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An update from The Pensions Regulator

Wednesday 22 May 2024

Nausicaa Delfas, Chief Executive of The Pensions Regulator (TPR) gave a keynote speech at Professional Pensions Live entitled: “An update from The Pensions Regulator”.

Our priorities:

  • driving value for money in defined contribution (DC) schemes – we will scrutinise smaller schemes with the Value for Money regulatory initiative; we are changing the way we regulate Master Trusts; we will incentivise demand side through employers
  • securing the future for defined benefit (DB) schemes – the DB Code provides clarity of our risk tolerances, and later this year we will provide guidance to help schemes to consider alternative models
  • raising standards across all scheme types – specifically trustees need to focus on data quality and administration in the run up to pensions dashboards deadlines

Good morning.

A year ago, almost to the day, I made my first speech as the Chief Executive of The Pensions Regulator (TPR) here at Professional Pensions Live.

I set out the pensions challenge we all face.

  • That the shift to defined contribution pensions has created a new pensions market, with many more saving, but their benefit uncertain.
  • That defined benefit schemes continue to mature, with new consolidation models emerging to meet a new funding reality.
  • That the role of trusteeship is changing, becoming more complex as schemes evolve into fewer, larger entities.
  • And that in this new pensions world – we must all help savers make the right decisions at retirement. To help them turn their pots into something that sees them through their older age.

Speaking one year on, where are we today?

The pensions challenge remains

The defined contribution market has continued to grow and consolidate. It now stands at over 28 million memberships with £158 billion assets under management.

At the same time, there has been an 11% reduction in schemes year on year. The vast majority of savers, some 90% of memberships are in master trusts, where rapid growth is expected to be concentrated in just a handful of schemes.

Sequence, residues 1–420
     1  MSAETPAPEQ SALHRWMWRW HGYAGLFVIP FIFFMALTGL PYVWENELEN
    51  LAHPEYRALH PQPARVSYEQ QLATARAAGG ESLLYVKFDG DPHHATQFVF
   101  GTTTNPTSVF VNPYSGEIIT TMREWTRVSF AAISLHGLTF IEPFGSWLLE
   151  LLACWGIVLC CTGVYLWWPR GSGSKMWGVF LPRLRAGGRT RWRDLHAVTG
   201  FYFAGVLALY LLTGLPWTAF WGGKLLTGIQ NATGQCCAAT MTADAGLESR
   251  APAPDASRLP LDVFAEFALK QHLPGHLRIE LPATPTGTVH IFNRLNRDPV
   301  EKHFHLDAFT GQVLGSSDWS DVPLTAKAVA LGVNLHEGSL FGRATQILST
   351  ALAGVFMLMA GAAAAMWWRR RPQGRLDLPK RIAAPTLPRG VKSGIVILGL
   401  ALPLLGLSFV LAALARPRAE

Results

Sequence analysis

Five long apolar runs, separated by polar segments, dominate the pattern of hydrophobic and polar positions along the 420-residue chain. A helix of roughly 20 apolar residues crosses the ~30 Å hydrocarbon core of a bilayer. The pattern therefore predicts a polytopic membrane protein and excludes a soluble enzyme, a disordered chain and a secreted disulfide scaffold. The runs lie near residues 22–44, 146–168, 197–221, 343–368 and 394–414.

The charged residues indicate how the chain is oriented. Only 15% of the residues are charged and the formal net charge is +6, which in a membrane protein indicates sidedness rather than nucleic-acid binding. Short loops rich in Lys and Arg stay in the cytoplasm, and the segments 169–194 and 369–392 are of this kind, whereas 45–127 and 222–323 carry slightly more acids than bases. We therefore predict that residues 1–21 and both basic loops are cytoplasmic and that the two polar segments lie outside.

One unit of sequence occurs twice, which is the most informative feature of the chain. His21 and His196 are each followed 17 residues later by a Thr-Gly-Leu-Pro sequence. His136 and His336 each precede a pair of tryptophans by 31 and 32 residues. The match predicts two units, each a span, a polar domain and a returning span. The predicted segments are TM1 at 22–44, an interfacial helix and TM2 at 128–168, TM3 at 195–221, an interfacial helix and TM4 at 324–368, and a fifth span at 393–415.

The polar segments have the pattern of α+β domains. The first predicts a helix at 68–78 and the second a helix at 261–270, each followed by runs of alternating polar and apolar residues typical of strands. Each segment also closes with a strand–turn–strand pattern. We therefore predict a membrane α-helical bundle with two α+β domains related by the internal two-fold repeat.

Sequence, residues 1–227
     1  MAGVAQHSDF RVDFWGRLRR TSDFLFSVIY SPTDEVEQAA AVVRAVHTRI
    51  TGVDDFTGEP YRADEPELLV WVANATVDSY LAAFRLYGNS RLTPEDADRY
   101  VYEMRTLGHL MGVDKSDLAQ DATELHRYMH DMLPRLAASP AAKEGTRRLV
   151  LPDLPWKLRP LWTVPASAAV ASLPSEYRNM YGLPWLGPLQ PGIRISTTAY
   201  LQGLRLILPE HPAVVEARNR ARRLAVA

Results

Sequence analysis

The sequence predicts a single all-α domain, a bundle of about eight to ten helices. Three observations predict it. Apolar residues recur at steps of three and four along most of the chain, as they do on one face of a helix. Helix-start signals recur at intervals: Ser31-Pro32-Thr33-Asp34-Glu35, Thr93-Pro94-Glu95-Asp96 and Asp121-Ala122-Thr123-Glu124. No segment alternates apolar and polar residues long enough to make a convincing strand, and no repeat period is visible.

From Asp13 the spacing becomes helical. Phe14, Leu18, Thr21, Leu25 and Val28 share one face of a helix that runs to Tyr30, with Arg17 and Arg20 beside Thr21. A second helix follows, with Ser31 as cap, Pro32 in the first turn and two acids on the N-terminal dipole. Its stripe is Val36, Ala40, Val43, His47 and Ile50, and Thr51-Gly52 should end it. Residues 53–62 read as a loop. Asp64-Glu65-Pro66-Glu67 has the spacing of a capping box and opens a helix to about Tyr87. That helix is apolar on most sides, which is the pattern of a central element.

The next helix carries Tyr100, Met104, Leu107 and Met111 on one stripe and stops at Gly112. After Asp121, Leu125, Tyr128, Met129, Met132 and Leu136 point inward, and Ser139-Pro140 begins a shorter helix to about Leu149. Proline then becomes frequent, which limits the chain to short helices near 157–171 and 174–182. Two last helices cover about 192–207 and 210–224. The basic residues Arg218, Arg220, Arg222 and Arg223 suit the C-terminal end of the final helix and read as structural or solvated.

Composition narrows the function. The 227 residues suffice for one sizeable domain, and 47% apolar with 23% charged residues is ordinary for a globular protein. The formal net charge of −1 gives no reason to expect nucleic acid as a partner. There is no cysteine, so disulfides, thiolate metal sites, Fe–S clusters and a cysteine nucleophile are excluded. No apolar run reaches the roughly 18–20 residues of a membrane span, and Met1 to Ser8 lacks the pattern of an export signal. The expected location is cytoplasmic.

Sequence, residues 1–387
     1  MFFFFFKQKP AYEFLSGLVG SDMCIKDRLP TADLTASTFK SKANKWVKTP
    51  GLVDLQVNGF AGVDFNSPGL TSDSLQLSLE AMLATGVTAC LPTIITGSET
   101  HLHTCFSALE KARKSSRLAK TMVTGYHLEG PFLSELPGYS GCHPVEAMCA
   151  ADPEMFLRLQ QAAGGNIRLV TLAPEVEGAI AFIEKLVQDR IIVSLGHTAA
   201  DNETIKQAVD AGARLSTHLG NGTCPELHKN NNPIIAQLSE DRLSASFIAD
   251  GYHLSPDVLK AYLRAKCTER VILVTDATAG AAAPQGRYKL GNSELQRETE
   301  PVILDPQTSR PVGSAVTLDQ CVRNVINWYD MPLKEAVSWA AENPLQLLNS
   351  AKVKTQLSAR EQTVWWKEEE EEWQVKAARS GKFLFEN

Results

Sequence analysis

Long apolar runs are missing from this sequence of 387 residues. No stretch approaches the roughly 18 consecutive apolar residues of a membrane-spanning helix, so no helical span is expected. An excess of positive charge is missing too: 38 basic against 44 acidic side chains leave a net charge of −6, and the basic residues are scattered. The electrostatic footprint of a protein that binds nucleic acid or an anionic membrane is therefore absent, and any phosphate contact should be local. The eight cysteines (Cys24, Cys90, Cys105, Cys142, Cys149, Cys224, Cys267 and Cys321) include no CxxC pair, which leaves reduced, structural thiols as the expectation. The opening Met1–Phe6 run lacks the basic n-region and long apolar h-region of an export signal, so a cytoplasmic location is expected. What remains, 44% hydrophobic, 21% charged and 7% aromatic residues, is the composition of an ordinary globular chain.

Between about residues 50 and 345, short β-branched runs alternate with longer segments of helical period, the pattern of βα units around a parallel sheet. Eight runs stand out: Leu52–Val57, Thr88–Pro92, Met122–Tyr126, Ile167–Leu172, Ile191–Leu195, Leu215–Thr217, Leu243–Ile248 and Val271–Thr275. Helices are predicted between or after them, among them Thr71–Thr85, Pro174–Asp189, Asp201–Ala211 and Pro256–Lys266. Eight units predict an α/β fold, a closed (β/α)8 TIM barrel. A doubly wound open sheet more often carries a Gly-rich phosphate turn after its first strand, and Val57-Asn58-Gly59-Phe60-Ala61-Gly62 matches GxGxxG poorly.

In defined benefit pensions, schemes continue to close – just 4% of private sector pensions schemes are open to both new members and future accrual. And funding levels across the market are at the best in living memory – with more than 80% of schemes fully funded.

New models continue to be developed to support schemes in securing their benefits and we have seen the first transactions into a superfund.

The expectations of trusteeship have changed – with a much stronger focus on stewardship of investments brought about, in part, by the government’s Mansion House Reforms.

The nature of trusteeship is changing, with professional and sole trusteeship models increasingly dominating. Market data suggests that the ten largest firms are accountable for the management of over 2,300 pension schemes with a combined asset value exceeding £1.1 trillion.

And we are starting to see providers innovate with solutions at retirement. New product offerings are starting to emerge which have the potential to help savers navigate incredibly complex choices about how to support themselves in retirement.

But we have a long way to go. We know that 34% of DC pension holders aged 45 and over say that they do not understand their decumulation options. I wonder how many more are picking options not suitable for their personal circumstance?

So, does the pensions challenge remain? Absolutely.

The millions of people now saving for retirement deserve the market to work for them.

They need the system they save into to be the best it can be for savers.

And to make this the case, all of us – government, regulators and industry – must create a clear roadmap of priorities which means that we can grasp the opportunities presented by our evolving market and mitigate the potential harms.

Our corporate plan delivers for savers

Our latest three-year corporate plan is the first step in setting out that roadmap.

Recognising that the market is in a state of change rapidly shifting towards fewer, larger, pension schemes, it sets out how we will protect, enhance and innovate in savers’ interests.

The roadmap is simple, that:

  • all defined contribution savers receive value for money